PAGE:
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cerving

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And main at apogee is common enough. But probably due to a secondary issue if it wasn't planned.
I had it happen with my Double Shot at 14,000'... loose shear pins. It landed 5 1/2 miles away... yes, I found it.
 

heada

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t-0 launch
t+1.25 launch detect
t+1.5 to 2.6 pressure oddity
t+17.65 motor backup eject (huge pressure spike of 1,000' drop)
t+17.95 apogee detect
t+18.95 apogee charge fire
t+195.95 main charge fire
 

Banzai88

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Wouldn’t the dip / downward spike equate to high pressure inside the eBay?
Yes. He's asking if the MAIN was sitting on a piston in the forward section of the rocket. The aft shift of weight of the recovery bundle during boost might have been enough of a pressure spike in a leaky av bay to cause a spike in pressure.
 

jbrracer

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OK, that rules out CTI forward closure blow-by issues causing an ebay pressure spike for the early flight anomaly. I would think that in an AT motor, such a failure would otherwise be catastrophically kinetic based on the case design.

The motor case is fine no damage no signs of leakage.
 

jbrracer

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Yes. He's asking if the MAIN was sitting on a piston in the forward section of the rocket. The aft shift of weight of the recovery bundle during boost might have been enough of a pressure spike in a leaky av bay to cause a spike in pressure.
No pistons in this rocket.
 

Banzai88

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Was a motor delay used as backup to the apogee separation charge? It's entirely possible that variance in the delay time blew the motor ejection charge at the same time that the avionics charge went off, causing a massive pressure spike that blasted the forward section hard enough against the recovery harness that the nose shook off and you had an un-commanded deployment of the main-at-apogee.
 

Charles_McG

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Wouldn’t the dip / downward spike equate to high pressure inside the eBay?
Yes. Hence the search for a source of extra gas for pressure. A piston on top of the avbay, shifting down under thrust would compress the gas below and if it leaked into the avbay would make a low-altitude anomaly.

But I think you've found a likely culprit for the main-at-apogee event. Whatever happened at T+1.85sec, it didn't really matter to the rest of the flight.

But I'd track it down before trying staging. Swings like that really interfere with your staging ignition safety limits.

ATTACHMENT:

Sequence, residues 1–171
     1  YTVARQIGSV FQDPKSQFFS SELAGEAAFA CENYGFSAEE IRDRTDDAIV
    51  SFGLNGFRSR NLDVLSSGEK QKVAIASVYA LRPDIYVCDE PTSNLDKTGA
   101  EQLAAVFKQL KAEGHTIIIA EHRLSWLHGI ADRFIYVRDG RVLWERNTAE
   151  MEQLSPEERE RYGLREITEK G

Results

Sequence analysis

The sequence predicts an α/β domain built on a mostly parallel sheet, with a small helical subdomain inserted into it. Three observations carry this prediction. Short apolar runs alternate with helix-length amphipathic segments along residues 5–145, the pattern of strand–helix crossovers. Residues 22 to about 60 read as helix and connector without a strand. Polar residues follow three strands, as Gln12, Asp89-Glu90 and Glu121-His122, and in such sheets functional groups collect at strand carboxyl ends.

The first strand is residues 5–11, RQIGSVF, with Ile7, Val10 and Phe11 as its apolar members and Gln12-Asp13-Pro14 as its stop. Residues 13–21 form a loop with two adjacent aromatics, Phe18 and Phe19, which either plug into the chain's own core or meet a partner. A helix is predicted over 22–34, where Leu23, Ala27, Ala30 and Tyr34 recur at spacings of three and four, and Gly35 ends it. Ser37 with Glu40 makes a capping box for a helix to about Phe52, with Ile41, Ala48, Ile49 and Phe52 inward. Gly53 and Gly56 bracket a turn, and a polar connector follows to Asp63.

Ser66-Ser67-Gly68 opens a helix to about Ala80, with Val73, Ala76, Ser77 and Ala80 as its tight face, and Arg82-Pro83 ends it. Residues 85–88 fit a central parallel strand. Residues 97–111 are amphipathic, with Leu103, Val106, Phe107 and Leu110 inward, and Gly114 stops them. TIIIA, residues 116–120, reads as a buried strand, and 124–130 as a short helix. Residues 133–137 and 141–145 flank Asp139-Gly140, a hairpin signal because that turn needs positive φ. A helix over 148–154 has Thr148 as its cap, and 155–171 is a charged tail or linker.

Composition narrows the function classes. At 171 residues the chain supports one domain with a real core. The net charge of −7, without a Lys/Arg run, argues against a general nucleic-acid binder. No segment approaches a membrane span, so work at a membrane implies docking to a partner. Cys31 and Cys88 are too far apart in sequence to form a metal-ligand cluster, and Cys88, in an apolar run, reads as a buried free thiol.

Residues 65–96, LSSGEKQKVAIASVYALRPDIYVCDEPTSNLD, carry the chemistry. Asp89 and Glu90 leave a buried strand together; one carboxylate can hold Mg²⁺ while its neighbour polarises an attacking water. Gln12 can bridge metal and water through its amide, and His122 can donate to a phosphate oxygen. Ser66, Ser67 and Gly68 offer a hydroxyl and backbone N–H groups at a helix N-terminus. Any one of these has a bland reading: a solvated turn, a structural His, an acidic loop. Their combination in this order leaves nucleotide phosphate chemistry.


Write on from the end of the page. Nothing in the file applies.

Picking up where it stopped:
jbrracer

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Interesting theory, but I would think it strange that it would have enough blow-by pressure to spike the av bay, but not enough to separate the rocket prior to apogee and have a flight failure.

Was this a CTI motor? The 54s are known to blow-by the fwd o-ring, and it seems that more and more reports of it happening with the 38s are becoming common place, too (I've had 2 happen last year myself before learning about gluing the fwd closure).

@jbrracer, is there a shear pin/pins holding the av bay to the booster fin can? How long is the recovery harness from the fin can to the av bay? If there were a blow-by puff that resealed, you got very very lucky.

You say that you've flown this av bay before, but has it been in this same rocket? The whole bay or just the avionics sled?

Was a motor delay used as backup to the apogee separation charge? It's entirely possible that variance in the delay blew the motor ejection charge at the same time that the avionics charge went off, causing a massive pressure spike that blasted the forward section hard enough against the recovery harness that the nose shook off and you had an un-commanded deployment of the main-at-apogee. Regardless, the descent data looks like the main came out at the top instead of 1K feet like you planned.
The entire 4 inch eBay has been flown before visually successful.
 

jbrracer

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Yes. Hence the search for a source of extra gas for pressure. A piston on top of the avbay, shifting down under thrust would compress the gas below and if it leaked into the avbay would make a low-altitude anomaly.

But I think you've found a likely culprit for the main-at-apogee event. Whatever happened at T+1.85sec, it didn't really matter to the rest of the flight.

But I'd track it down before trying staging. Swings like that really interfere with your staging ignition safety limits.
We had high wings that day 12-16 mph ground level. Is that suspect of that big positive pressure? No pistons in this rocket.
 

jbrracer

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Yes. Hence the search for a source of extra gas for pressure. A piston on top of the avbay, shifting down under thrust would compress the gas below and if it leaked into the avbay would make a low-altitude anomaly.

But I think you've found a likely culprit for the main-at-apogee event. Whatever happened at T+1.85sec, it didn't really matter to the rest of the flight.

But I'd track it down before trying staging. Swings like that really interfere with your staging ignition safety limits.
I haven’t even considered air starts yet I’m still pretty green to HPR. I do appreciate the heads up although!
 

heada

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I've built many 4" LOC av-bays. How are you sealing around the eye-bolt and both threaded rods? How are you sealing around the wire for your ejection charges? They leak gases around all those if you're not doing something to seal them. For the eye-bolt and rods, I use neoprene washers and I hot-glue around the wire for my ejection charges.
 

Charles_McG

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We had high wings that day 12-16 mph ground level. Is that suspect of that big positive pressure? No pistons in this rocket.